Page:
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The specter of JCPenney hangs over any retailer that dares to consider eliminating coupons and sales. Who would want to repeat that disaster?

Oh, Gordmans is raising its hand!

And why not? Because nothing else that the bankrupt-and-brought-back-to-life retailer did, seemed to work.

The Midwestern department store chain tried ramping up coupons and sales several years ago in a bid to boost traffic. When that didn’t work, it tried cutting back on coupons and sales. And then it went bust. It shut down dozens of stores and sold off the rest to Stage Stores earlier this year.

And now Gordmans’ new owner plans to get rid of coupons and sales altogether.

“We’re talking about eliminating coupons, eliminating promotions,” Stage’s Chief Merchandising Officer Thorsten Weber told investors yesterday. “Gordmans did not coupon or promote anywhere near the level that we, or a JCPenney, or a Kohls does, so it is not the same level of change for the customer. But it is really providing great clarity to the customer and to our suppliers, quite frankly, of who we are and what kind of value we are going to represent.”

And what Stage wants Gordmans to represent, is everyday low-priced bargains.

“We see clear opportunities to sharpen Gordmans’ value proposition, shifting them to a true off-price retailer,” Weber said. So instead of a traditional department store, Gordmans will become more like a T.J. Maxx or Burlington, specializing in selling other retailers’ overstocks and castoffs, at bargain prices.

“The whole off-price opportunity,” said CEO Michael Glazer, is “the one area of retail that has continued to prosper even in difficult times.”

And department stores are certainly facing some difficult times.

JCPenney, of course, famously got rid of coupons and sales back in 2012. It reversed course in short order, but it’s never quite recovered. And now it’s making noises about cutting back on coupons again. Macy’s has been trying to scale back on coupons, while devoting more time, effort and floor space to its own off-price “Last Act” and Macy’s Backstage concepts. And Sears appears close to a full-fledged meltdown, with plunging sales, closing stores and the CEO angrily lashing out at observers who dare suggest that the retailer is on its last legs.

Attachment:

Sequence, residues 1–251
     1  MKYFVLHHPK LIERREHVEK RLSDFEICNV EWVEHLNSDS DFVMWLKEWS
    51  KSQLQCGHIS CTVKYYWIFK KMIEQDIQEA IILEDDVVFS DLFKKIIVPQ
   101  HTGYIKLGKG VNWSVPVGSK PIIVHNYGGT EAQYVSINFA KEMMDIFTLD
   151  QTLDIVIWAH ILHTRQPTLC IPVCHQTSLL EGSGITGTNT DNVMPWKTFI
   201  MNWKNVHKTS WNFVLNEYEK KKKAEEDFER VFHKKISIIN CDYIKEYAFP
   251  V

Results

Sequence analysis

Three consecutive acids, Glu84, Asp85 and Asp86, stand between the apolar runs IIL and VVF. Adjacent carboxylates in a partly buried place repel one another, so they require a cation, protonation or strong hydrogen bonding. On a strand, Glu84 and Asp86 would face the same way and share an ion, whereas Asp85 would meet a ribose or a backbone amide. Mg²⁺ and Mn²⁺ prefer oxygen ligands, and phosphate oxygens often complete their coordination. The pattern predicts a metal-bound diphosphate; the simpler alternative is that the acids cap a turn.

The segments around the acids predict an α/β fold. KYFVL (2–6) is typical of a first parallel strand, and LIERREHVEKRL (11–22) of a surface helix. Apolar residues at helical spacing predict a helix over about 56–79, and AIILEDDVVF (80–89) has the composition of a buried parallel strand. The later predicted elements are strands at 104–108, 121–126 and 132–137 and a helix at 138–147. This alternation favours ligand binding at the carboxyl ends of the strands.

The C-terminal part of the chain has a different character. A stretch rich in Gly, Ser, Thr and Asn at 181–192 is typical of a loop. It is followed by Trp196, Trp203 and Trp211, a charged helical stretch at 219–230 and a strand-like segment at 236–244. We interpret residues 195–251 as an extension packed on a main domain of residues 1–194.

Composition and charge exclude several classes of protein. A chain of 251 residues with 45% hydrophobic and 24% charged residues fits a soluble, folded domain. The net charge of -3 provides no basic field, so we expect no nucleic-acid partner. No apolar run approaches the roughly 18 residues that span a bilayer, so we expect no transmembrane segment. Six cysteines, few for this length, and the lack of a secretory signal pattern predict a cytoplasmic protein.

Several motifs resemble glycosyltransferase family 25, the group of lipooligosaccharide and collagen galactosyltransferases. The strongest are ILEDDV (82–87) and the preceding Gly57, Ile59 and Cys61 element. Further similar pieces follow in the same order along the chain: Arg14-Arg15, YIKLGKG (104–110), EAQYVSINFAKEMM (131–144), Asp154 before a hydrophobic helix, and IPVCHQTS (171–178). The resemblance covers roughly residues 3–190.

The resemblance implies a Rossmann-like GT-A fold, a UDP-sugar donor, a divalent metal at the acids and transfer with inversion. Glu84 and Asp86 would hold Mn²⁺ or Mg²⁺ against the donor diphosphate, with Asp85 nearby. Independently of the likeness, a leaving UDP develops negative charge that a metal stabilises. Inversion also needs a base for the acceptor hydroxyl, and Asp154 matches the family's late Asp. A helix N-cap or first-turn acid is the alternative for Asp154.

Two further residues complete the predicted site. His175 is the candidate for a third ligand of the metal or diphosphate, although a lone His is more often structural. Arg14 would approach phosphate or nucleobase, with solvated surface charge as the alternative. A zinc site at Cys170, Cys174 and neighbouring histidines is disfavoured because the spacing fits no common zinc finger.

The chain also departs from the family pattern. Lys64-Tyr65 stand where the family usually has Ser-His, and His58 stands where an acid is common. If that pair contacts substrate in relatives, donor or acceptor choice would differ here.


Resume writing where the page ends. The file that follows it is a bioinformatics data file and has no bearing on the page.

Stage Stores itself has had some problems as well. Stage owns more than 800 department stores across the country, under various names like Bealls, Goody’s, Palais Royal and Peebles. Those stores have been struggling to attract shoppers, just like other department stores.

So how might Stage help turn things around?

“We believe we can continue to improve merchandise margins by reducing promotional discount levels (and) eliminating overlapping coupons,” Glazer said.

Cutting back on coupons and deals – what a concept! When it comes to department stores’ relationship with coupons, it appears that constant change – and constant struggles no matter what strategy they pursue – are about the only things that are consistent.

Image source: Gordmans

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